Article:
The second difference is the length of time. Many of our patients receive treatments that last 10-15 minutes, which is just more than the maximum I would recommend someone use an inversion table. However, in certain cases decompression therapy can be used for as long as 30 or 40 minutes, more than triple the time of an inversion table.
Another difference of note is that inversion should not be used with people who suffer from dysautonomia (like POTS), orthostatic hypotension, vertigo, etc. Whereas decompression tables do not require anything more than a patient lying down as they would lie in bed.
Benefits of Decompression Therapy
Rehydrates and Heals the Discs
True blood flow and nourishment from our arteries to the bones of our spine diminishes as we reach puberty, stopping somewhere around age 15. The unfortunate part there is that blood flow is how we nourish the vast majority of our body. In the case of our vertebrae, after puberty nutrients must now come in through our discs, which attach to the bones of our spine.
When we walk around, sit or stand all day, we are pushing fluid out, and that doesn’t provide us any nourishment. So at night when we lie flat, our discs bring in new fluid and nutrients – that’s why we’re tallest in the mornings. Decompression therapy essentially cheats the system and rehydrates your discs twice in one day, bringing oxygen and fuel to injured tissue.1
Reduces Pressure on the Nerves
The main reason people like Tom who’ve injured their lower back have pain radiating down their legs is pressure on nerves. This can come from inflammation around the nerve, arthritis, rotation of vertebrae, and the discs pressing on nerves. For the sake of this post we’ll just discuss the disc.
When you picture the disc being stretched under decompression, picture a water balloon. If there’s an injury, that water balloon is compressed, often pushing out the path of least resistance toward the spinal canal (especially in the lower back).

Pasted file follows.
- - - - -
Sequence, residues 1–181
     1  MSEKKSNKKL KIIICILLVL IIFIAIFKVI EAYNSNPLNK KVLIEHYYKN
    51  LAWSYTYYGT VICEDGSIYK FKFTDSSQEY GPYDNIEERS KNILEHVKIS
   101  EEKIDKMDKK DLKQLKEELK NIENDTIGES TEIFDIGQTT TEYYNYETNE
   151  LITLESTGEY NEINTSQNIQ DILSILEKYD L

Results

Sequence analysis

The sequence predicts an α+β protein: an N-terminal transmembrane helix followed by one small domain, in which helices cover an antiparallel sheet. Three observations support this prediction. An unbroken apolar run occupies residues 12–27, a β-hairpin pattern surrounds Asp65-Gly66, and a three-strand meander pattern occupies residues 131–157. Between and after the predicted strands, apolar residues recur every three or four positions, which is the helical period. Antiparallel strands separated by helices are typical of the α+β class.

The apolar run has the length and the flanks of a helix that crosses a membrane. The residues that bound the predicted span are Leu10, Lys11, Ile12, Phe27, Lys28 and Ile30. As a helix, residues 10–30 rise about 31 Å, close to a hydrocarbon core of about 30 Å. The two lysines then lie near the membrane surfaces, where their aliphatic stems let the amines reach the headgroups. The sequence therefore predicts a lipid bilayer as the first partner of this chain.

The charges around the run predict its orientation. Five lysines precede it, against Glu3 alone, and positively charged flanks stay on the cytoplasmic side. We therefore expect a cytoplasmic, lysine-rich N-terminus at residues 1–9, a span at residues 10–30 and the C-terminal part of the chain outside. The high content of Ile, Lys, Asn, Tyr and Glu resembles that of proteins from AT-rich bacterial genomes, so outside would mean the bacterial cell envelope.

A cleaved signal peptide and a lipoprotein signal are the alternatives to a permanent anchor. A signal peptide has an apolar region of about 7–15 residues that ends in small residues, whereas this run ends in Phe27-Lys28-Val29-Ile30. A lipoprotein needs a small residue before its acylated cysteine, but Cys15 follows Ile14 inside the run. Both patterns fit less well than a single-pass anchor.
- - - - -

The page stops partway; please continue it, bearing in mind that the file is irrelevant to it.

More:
Under decompression therapy, picture that compressed water balloon being gently stretched from the top and the bottom. This creates a more “thin” appearance to the water balloon/disc, which opens up space behind it for the nerve. Nerves can be extremely sensitive, which is why this reduction in pressure on the nerve from the disc can be incredibly relieving for patients.
Enables Long-Term Disc Repair
Because the spinal ligaments that surround discs are so delicate, it was thought for decades that when these ligaments were injured, they may not repair at all. This would be in the case of a moderate or large bulge, and definitely in a herniation where the fluid actually escapes from inside the disc.
It was also believed that as we age we lose height to our discs and they cannot be rehydrated to the same extent they once were. However, recent research is showing that decompression therapy can repair and rehydrate injured discs, improving our long-term spinal health.1
It’s Safer than Surgery
The highest quality research out there says three primary things about decompression therapy:
- It’s as effective for pain relief as surgery when it comes to disc injuries and spinal stenosis.2
- It has nowhere near the side effects of surgery.2
- It is nowhere near as expensive as surgery.3 4
So if you were in horrible pain and I offered you two pills that could relieve it, and I and told you:
Pill A may work, but has a nearly 50% chance of you being in the same pain or worse, and will cost you thousands of dollars. Pill B has about the same odds of improvement with a less than 1% chance of your symptoms worsening and will cost you less than a third of Pill A.”
Which would you choose? I think the decision is rather obvious.
I just hope Tom takes the right pill.
Stay healthy my friends,
Dr. Bob Griesse, DC, CSCS
P.S.: If you want more information on Decompression Therapy, check out Dr. Tim’s video:
1 BMC Musculoskelet Disord. 2010 Jul 8;11:155. doi: 10.1186/1471-2474-11-155.
2 Cochrane Database Syst Rev. 2016 Jan 29;(1):CD010264. doi: 10.1002/14651858.CD010264.pub2.
3 Spine J. 2010 Jun;10(6):463-8. doi: 10.1016/j.spinee.2010.02.005. Epub 2010 Apr 1.
4 Spine J. 2013 Nov;13(11):1434-7. doi: 10.1016/j.spinee.2013.03.015. Epub 2013 Apr 23.